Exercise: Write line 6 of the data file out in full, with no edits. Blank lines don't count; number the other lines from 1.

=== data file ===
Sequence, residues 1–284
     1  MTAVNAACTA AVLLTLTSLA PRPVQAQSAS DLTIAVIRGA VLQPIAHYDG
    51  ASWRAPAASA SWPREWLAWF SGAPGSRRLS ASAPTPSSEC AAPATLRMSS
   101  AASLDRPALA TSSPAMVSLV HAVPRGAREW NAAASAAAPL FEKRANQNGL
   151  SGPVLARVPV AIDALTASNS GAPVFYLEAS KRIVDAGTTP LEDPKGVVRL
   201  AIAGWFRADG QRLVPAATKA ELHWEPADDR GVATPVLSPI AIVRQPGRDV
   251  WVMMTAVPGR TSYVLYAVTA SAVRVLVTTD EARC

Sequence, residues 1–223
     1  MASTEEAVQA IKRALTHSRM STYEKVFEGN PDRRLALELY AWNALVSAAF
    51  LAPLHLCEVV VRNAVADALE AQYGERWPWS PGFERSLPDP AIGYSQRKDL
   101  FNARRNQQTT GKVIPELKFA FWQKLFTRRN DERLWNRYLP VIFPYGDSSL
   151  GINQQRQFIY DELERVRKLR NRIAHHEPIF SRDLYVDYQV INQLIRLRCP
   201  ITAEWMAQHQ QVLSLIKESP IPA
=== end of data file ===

   201  AIAGWFRADG QRLVPAATKA ELHWEPADDR GVATPVLSPI AIVRQPGRDV